With this background, if the customer commits a breach of obligation in relation to a finance facility, the bank will have to approach the competent forum to enter into the possession of the property and to recover the defaulted amount amongst other relief, given the circumstances of each case. In Dawood Islamic Bank v. Admore Gas, 2012 CLD 263 [Sindh], the suit for recovery was filed by the bank in banking court under section 9 of the FIO 2001 for the customer’s failure to make timely Ijara rental payments. The suit was decreed in favour of the bank. In United Bank Ltd. v. Muhammad Akram, PLD 2009 Lahore 504, the bank instituted criminal proceedings against the customer for breach of a home finance facility. The criminal petition was dismissed in the following terms:
“…it reveals that respondent No. 1 entered into an agreement for home finance facility with the petitioner bank… non-compliance of terms and conditions of the loan facility does not constitute any criminal offence under the law. It is necessary to mention here that the remedy under the law in the given circumstances available to the petitioner is of civil nature by adopting to file a recovery suit against the respondents”.
The situation is different in car financing, where courts have taken a lenient and pragmatic view by entitling banks to enter into possession upon default. Reference is made to the case of Shaukat Ali v. State Bank of Pakistan, 2007 CLD 1352 [Lahore] where it was held that:
“…As far as filing of suit before the banking court is concerned, it would take years and years and the car, which has been taken into custody by the respondents, would be damaged. It is made clear that in case in future any default is made in payment of installments by the petitioner, the bank has a right to confiscate the car”.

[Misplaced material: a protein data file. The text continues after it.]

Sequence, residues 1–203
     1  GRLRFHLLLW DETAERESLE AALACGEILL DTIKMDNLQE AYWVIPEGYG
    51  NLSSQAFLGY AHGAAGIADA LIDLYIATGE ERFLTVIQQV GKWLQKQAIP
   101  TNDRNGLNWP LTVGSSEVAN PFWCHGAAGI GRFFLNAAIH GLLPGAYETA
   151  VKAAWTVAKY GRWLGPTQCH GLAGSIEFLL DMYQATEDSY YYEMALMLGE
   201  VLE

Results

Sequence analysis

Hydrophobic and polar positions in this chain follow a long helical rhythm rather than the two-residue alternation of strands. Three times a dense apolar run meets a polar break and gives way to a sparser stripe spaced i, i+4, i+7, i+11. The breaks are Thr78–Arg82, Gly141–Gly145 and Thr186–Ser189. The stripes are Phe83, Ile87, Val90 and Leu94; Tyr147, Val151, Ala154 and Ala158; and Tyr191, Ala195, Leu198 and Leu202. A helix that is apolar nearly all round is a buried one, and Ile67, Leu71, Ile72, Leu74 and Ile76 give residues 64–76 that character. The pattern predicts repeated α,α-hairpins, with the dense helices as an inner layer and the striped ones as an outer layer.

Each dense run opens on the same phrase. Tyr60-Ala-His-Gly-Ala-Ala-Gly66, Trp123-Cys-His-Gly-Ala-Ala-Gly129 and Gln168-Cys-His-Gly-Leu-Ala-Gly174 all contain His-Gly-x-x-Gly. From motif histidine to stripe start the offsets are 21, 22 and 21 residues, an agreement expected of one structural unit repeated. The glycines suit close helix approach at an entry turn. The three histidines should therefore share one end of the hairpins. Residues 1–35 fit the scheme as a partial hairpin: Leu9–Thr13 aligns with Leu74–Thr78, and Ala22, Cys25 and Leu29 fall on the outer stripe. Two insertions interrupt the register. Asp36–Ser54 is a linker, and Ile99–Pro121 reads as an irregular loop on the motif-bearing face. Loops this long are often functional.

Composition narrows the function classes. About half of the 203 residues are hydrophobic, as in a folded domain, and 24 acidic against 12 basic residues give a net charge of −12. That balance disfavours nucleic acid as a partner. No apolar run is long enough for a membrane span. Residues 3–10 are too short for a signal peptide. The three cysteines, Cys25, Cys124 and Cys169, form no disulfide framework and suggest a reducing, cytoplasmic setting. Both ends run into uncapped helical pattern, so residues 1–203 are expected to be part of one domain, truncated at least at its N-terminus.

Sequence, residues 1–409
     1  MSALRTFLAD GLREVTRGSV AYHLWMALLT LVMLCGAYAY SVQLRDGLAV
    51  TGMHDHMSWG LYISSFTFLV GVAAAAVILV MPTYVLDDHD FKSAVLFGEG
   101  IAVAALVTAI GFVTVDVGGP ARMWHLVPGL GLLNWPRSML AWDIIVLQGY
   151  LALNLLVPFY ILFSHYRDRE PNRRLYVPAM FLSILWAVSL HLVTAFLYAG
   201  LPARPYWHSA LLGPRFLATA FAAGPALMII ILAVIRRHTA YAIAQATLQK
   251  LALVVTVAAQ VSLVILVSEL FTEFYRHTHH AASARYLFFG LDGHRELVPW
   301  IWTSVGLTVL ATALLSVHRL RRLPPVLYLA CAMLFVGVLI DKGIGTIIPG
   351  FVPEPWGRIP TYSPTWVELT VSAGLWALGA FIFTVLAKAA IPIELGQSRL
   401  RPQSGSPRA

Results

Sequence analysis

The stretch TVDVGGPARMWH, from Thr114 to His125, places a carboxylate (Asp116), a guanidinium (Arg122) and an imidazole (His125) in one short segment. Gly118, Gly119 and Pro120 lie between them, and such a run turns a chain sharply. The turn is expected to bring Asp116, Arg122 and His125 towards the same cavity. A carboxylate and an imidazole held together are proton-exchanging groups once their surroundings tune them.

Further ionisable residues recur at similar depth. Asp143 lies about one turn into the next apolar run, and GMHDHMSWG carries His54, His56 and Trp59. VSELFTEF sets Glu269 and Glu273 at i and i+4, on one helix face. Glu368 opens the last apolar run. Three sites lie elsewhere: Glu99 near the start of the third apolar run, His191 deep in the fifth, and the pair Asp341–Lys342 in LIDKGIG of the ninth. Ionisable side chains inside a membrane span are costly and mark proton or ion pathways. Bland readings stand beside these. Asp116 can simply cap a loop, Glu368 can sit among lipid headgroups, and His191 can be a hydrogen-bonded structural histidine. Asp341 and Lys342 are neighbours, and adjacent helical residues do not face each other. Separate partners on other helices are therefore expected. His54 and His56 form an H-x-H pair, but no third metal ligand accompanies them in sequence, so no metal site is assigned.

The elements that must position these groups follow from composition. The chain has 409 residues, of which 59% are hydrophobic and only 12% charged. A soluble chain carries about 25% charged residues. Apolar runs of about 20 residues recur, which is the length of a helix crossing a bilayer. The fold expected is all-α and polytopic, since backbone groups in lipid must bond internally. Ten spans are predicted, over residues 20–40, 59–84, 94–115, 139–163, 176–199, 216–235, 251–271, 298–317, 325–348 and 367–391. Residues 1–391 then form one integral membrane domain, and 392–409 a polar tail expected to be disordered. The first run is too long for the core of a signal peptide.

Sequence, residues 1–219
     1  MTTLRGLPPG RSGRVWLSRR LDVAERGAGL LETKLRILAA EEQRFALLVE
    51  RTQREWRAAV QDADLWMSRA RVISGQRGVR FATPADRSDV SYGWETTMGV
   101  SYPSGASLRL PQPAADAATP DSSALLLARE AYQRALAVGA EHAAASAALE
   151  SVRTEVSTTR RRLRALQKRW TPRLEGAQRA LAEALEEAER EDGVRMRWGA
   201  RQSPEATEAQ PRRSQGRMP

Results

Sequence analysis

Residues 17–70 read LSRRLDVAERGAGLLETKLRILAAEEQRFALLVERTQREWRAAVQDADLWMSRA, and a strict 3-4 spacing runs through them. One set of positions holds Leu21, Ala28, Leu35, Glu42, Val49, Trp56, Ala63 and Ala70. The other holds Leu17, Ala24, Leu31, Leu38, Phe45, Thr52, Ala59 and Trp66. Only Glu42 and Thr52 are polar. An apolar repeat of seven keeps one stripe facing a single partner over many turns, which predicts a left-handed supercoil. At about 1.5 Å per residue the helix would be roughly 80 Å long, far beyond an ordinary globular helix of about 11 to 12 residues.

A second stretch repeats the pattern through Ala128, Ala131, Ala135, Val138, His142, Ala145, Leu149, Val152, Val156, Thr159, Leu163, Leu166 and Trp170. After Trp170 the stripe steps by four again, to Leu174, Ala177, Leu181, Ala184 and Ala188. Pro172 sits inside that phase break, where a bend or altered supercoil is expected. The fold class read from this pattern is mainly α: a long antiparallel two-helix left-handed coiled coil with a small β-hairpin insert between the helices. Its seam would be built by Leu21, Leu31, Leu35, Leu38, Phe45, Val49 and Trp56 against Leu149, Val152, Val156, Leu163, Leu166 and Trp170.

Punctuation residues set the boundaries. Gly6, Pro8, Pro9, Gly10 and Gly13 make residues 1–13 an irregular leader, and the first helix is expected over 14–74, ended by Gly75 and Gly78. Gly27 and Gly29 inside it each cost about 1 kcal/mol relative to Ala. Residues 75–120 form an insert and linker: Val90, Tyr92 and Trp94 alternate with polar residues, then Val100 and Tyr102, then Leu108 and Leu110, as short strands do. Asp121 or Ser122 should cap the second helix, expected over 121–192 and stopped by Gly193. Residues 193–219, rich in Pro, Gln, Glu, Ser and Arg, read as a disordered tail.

After the declaration of section 15 of the FIO 2001 as unconstitutional by the apex court, the present FIO 2001 seems to be lacking the same force of a complete law. The only remedy of obtaining possession is available under section 16(c) of the FIO 2001, which entitles the bank to file an application before the banking court for the attachment of property to enter into the possession of the property till the judgment and decree is passed by the banking court in its recovery suit. In Sajjad Gondal v. Orix Leasing, 2011 CLD 1711 the customer defaulted in making rental payments under the lease agreement in relation to machinery and the bank claimed possession of the same.
The culture of adjournments and strikes adversely affects the rights of the litigants and this prevents a bank from being fully confident in granting a home finance facility. Due to inherent defects and delays in the judicial system, Pakistan is in need of a special foreclosure law which not only provides a fast track remedy to the banks through the adoption of summary procedure, but also complies with the provisions of the Constitution of Pakistan.